Coko Galore isn’t afraid of a little colour.
In a city where shades of black and grey garments are fashion staples, the indie singer/songwriter’s rainbow-hued wardrobe adds a touch of fantasy to all the blandness.
It’s as if she lives in brightly coloured world of girly dresses and boyish Converse sneakers.
“Yeah, I get looked at a lot,” the 28-year-old says over coffee at the Green Beanery recently. “People can look all they want.”
And they do. More than a few java junkies eye Galore’s fashion choices up and down.
But does she care?
That confidence is evident on Galore’s January release of her debut album.
Titled, I Am the Show, the record features a variety of catchy, electronic and pop tunes based on self-expression and the ills of the music industry.
Her single, “Those Girls”, which was released to Canadian radio stations this fall, explores the theme of not having to be perfect to fit in and feel good about yourself.
“It’s ok to dress up and to like clothes and pretty things, but it doesn’t mean that’s who you are,” says Galore, who is clad in one of her favourite purple dresses, coordinating Converse sneakers, white sunglasses and hot pink fishnets on one of her hands.
“Those Girls is really about myself, and comparing myself to tall, thin girls and the fact that I’m not like that, and it’s ok.”
Still, her fashion doesn’t define who she is.
Galore, whose real name is Corinne Brou, is aware the photographs in such fashion bibles as Vogue and Elle are airbrushed.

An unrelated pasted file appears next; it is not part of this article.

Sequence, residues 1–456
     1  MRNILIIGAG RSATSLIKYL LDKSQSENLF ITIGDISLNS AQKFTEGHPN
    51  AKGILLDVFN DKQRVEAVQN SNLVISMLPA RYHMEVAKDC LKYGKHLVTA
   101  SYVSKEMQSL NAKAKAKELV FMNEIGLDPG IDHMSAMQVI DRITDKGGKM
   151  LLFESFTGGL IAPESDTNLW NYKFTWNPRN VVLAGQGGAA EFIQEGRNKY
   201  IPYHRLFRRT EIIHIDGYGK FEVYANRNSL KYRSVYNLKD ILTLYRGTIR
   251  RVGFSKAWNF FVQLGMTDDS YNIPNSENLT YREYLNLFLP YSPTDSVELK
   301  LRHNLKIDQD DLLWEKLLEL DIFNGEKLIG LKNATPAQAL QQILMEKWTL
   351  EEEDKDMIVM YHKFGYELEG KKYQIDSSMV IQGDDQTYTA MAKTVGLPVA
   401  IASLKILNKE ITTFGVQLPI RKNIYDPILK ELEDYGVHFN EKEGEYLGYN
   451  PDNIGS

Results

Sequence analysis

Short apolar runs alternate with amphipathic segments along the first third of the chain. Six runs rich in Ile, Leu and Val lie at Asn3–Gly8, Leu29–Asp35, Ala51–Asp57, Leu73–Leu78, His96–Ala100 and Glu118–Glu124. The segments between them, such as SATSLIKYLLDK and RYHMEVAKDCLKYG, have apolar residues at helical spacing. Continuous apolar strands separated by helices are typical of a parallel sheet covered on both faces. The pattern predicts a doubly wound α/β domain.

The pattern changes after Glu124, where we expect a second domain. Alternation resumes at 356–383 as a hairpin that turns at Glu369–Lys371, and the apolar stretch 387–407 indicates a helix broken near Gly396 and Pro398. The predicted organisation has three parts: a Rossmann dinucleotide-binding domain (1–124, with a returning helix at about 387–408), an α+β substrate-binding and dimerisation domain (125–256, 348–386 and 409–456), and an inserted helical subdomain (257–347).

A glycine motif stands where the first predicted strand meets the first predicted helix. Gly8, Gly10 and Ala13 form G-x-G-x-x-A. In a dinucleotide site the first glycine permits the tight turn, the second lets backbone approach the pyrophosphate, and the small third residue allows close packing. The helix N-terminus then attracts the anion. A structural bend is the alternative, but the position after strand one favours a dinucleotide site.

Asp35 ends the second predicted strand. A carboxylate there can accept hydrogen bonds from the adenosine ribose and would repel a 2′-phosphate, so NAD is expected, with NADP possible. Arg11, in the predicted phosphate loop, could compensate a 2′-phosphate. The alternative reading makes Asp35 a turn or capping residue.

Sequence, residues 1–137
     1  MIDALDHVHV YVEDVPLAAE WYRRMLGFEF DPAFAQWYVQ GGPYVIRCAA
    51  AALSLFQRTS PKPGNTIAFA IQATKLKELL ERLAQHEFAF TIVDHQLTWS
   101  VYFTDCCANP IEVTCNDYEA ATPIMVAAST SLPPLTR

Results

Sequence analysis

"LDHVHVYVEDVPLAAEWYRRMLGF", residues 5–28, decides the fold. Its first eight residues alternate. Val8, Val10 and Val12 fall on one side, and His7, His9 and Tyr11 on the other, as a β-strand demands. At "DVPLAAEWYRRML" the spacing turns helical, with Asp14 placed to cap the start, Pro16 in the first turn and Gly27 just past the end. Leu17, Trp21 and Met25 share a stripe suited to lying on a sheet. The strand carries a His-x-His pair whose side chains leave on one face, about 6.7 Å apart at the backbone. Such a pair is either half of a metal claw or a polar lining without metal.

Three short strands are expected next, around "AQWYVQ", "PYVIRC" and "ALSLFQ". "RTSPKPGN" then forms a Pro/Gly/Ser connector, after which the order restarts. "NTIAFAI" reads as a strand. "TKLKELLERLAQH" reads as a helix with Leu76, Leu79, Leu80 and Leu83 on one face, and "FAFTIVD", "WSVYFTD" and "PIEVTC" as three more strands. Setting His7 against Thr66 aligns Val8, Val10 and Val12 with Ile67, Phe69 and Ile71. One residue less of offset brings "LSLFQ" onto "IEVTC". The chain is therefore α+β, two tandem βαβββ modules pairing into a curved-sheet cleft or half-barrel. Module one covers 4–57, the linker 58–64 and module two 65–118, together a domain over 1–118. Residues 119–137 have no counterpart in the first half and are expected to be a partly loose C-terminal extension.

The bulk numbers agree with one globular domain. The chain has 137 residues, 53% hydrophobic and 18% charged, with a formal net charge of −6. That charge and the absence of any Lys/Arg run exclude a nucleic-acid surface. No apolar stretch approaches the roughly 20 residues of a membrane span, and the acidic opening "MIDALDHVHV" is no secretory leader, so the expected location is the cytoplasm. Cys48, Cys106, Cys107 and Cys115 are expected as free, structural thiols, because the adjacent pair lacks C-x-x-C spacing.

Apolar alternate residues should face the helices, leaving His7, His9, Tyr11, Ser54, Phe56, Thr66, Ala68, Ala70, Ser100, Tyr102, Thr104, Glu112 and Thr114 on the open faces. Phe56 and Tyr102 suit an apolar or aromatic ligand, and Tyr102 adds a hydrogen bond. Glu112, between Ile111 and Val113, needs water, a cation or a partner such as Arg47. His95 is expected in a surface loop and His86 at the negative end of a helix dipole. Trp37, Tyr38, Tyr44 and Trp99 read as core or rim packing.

And that the models, who strut down fashion runways are usually unattainably thin.
The midtowner refuses to follow trends, instead choosing to wear what looks good on her body type and what feels comfortable.
Galore also chose to include songs about the cattiness and backstabbing she says she witnessed in the music industry during the two-year recording I Am the Show.
“We’re all just starting out so we should be helping each other out but it wasn’t like that,” says Galore, whose says the bitchiness and power trips she experienced didn’t detract her from her love of music.
The fact that she’s older than most who are starting out in the music industry also grounds her, Galore says.
She feels she’s taken more time to experience life.
“I don’t see why there isn’t room for me (in the industry),” says Galore, who supports her singing career with jobs teaching English and web editing. “I don’t need to have a million fans.
“One hundred thousand would be fine.”
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